In the city of Xenia on the 16th of August, 1867, representation from Prince White Chapter, which had been formed by a consolidation of all the Cincinnati Chapters, Lincoln Chapter of Xenia, and John Chapter of Columbus met and proceeded to reorganized the dormant and apparently defunct Grand Chapter, electing the following Grand Officers:
John R. Blackburn, G.H.P.; Jackson M. Moore, D.G.H.P.; Job B. Thompson, G.K.; David Jenkins, G.S.; Henry Porter, G.M.; Austin Hubbard, Grand Treasurer; William D. Goff, G.C.H; Matthew T. Epps, G.P.S.; William H. Moore, G.R.A.C.; John Cousins, G.M. 3rd V; H. Johnson, G.M. 2nd V; B. Lanning, G.M. 1st V; C. Vena, G.G.
By resolution it was determined to hold the next annual communication in the city of Urbana in 1868. There was, however no communication either in 1868 or 1869.
Again, in the city of Xenia, the three Chapters "Prince White," "Lincoln" and "Johnson" met in 1870, October 15th, and organized the present "Grand Chapter of Royal Arch Masons for the State of Ohio," electing the following Grand Officers:
John Black Blackburn, G.H.P; Jonathan Tosspott, D.G.H.P.; David Jenkins, Gr. King; Rev. S. P. Lewis, Grand S.; John Cousins, Grand Treas.; William T. Boyd, Gr. Secy.; P. C. Alston, G.M.; Rev. J. P. Underwood, G.C.H.; E. I. Watson, G.P.S.; T. A. Conrad, G.R.A.C.; J. B. Taylor, G.M. 3rd V.; William M. Wilson, G.M 2nd V.; E. C. Jackson, G. M. 1st V.; Rev P. Tolliver, Grand Chaplain and Charles Robers, G. G.
A constitution and by-laws were adopted and a new Grand Royal Arch Chapter stared on it career among the Grand Masonic bodies of Ohio.
Chapters Warranted between 1870 to 1902:
Name Location Year Warranted
Prince White #1 Cincinnati, OH 1870
Lincoln #2 Xenia, OH 1870
Johnson #3 Columbus, OH 1870
Underwood #4 Springfield, OH 1871
Garvin #5 Delaware, OH 1872
Maumee #6 Toledo, OH 1872
Detroit #7 Detroit, MI 1872
Keystone #8 Cleveland, OH 1873
Franklin #9 Cincinnati, OH 1874
St. Paul’s #10 Hamilton, OH 1874
Lansing #11 Chillicothe, OH 1874
Eureka #12 Mobile, AL 1874
Alpha #12 Indianapolis, IN 1875
Hodges #14 Memphis, TN 1876
Quinn #15 Zanesvillie, OH 1876
Hiram #16 Wilmington, OH 1876
Clark #17 Louisville, KY 1876
Rock City #18 Nashville, TN 1878
Gustavas Vasa #19 Urbana, OH 1878
Shekinah #20 Louisville, KY 1879
Iron City #5 Ironton, OH 1880
Triple Tau #21 Knoxville, TN 1880
St. Peter’s #22 Eufaula, AL 1881
Burning Bush #7 Dayton, OH 1881
St. John’s #14 Cleveland, OH 1883
Scioto #9 Portsmouth, OH 1882
Mt. Moriah #18 Pensacola, FL 1883
Sinar #21 New Richmond, IN 1885
Melchizedek #23 Evansville, IN 1885
Tetragammaton #24 Montgomery, AL 1885
Gallia #12 Gallipolis, OH 1892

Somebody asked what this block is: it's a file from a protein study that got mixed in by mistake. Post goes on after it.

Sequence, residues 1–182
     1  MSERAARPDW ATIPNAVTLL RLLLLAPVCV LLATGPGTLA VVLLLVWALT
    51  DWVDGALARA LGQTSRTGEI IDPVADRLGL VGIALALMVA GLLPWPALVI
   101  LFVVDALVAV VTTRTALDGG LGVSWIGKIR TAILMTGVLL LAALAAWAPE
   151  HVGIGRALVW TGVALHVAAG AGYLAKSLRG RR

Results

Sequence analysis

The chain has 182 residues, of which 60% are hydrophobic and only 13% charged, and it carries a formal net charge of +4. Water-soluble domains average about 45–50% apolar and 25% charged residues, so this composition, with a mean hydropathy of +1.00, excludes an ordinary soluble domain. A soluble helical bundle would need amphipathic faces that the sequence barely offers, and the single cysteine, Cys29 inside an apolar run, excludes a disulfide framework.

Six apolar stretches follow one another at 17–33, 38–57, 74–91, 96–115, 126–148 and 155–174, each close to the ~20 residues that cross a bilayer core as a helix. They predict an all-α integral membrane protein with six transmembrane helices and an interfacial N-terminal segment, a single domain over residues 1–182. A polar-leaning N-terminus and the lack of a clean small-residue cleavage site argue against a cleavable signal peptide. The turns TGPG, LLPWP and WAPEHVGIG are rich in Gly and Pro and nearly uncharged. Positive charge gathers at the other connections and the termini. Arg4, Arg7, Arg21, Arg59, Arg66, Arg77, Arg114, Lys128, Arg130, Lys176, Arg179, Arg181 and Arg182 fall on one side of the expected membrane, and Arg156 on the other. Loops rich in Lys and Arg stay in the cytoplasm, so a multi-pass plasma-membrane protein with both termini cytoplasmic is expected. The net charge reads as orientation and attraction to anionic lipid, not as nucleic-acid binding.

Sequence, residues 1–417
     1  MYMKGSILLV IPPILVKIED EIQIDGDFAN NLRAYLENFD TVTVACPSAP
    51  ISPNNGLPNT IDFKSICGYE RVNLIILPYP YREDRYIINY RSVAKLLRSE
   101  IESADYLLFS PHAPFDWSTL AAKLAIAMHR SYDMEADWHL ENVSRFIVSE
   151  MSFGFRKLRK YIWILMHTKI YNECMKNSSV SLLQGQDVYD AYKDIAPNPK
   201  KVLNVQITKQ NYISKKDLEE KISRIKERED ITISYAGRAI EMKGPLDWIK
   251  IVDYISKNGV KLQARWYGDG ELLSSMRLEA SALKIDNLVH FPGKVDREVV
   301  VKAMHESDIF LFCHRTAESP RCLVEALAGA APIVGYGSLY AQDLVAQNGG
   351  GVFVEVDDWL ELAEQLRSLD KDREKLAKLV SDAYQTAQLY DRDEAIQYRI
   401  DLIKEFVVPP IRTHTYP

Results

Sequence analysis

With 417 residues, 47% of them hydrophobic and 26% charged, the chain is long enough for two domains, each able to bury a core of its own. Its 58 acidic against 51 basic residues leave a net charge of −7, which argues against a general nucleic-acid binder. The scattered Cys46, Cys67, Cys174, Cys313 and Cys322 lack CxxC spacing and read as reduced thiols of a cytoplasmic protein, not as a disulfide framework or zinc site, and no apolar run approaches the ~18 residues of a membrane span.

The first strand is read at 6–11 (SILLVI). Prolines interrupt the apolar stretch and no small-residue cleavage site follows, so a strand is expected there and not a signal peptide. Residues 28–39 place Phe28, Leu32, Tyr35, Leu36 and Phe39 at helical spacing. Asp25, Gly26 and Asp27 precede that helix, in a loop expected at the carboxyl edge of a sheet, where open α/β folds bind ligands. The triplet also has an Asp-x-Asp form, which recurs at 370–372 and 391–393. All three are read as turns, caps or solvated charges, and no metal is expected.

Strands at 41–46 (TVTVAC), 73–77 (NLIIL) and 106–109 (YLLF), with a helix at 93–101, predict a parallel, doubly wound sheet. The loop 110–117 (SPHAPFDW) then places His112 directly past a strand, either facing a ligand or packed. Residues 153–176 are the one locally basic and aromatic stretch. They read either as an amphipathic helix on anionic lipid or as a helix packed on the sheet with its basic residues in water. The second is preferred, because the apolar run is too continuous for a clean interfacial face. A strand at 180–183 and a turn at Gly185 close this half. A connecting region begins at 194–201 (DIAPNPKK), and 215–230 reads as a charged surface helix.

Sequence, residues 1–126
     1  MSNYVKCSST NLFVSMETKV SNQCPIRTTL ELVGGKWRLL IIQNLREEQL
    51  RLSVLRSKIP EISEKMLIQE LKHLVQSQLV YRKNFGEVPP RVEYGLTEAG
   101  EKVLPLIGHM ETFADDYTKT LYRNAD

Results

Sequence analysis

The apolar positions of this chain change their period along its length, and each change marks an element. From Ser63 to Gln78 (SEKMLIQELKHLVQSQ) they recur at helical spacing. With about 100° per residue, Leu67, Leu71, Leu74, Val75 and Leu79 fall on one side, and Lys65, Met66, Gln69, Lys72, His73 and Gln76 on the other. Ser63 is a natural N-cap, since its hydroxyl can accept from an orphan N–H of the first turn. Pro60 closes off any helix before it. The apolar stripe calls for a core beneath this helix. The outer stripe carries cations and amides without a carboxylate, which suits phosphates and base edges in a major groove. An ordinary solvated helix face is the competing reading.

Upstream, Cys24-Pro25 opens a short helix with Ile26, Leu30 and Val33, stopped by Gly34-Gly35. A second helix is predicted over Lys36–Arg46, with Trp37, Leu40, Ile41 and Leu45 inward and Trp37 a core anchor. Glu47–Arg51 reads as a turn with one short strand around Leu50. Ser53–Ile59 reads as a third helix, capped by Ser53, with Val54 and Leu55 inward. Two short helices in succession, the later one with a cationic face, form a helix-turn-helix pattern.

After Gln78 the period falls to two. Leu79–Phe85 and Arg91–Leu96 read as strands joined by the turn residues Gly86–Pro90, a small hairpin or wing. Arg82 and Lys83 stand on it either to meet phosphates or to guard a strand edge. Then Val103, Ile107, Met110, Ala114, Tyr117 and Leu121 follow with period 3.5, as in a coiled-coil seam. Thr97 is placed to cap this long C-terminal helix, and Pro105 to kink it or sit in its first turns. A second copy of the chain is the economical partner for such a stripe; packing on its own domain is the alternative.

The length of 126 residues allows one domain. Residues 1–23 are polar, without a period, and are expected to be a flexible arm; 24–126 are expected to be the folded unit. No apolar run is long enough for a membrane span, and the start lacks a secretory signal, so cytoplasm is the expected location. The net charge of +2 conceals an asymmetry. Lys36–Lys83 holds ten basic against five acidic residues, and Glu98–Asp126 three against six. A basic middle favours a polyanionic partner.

Excelsior #19 Columbus, GA 1892
Jeptha #26 Newark, OH 1893
Elbert C #27 Charleston, W. VA 1894
Japhet #28 Louisville, KY 1807
Valley #29 Nelsonville, OH 1900
King David #30 Parkersburg, W. VA 1898
Signet Stubenvillie, OH 1902
Companion John R. Blackburn, the first M.E. Grand High Priest, was born in Essex County, Virginia. At an early age his mother moved to the city of Cincinnati where he was reared and received his common school education. He afterwards entered Dartmouth College, New Hampshire, from which he graduated with honors. His chosen profession was that of school teaching, which he entered soon after leaving college and has continued during more than forty years. Throughout all these years his labors have been confined to three schools. He first taught in the public schools of Xenia, Ohio, as principal until the year 1871, when he was tended the presidency of Alcorn University, Miss., which he accepted and filled acceptably for about three years when he was induced to return to Xenia and resume his old position in the schools of that city. He remained in charge of the schools of that city. He remained in charge of the schools of Xenia until the repeal of the separate school law, when he was called to the charge of the schools of Evansville, Indiana.
Companion Blackburn was initiated, passed and raised to the sublime degree of Master Mason in 1864 in Wilberforce Lodge No. 21, Xenia, Ohio. In 1865 he was elected Secretary of this Lodge; in 1866 he was elected Senior Warden and in 1867 was chosen Worshipful Master. As Worshipful Master he served until his removal to Mississippi. Immediately upon his return he was again elected Master, serving two terms as Master and seven terms as Secretary, until his departure for his new field of Labor in Evansville, Indiana. In the Grand Lodge he served as Grand Secretary fourteen years. He was exalted to the degree of Royal Arch Mason in Lincoln Chapter No. 2 in Xenia, Ohio. Upon the organization of the present Grand Chapter he was elected Grand High Priest. Upon the reorganization in 1870, he was elected Grand Secretary of the Grand Chapter and served in that position seven years.
Companion Blackburn is a man possessed of scholarly attainments of the highest order. As an educator he has always ranked among the foremost. In his relations to the brethren of the Grand Lodge and the companions of the Grand Chapter he possesses their esteem and regard by the geniality of his ways. There was never anything stilted, reserved or self conscious in his manner; but he was ever the same companionable and hearty friend of all the brethren and companions.
"For he’s a jolly gold fellow,
Which nobody will deny."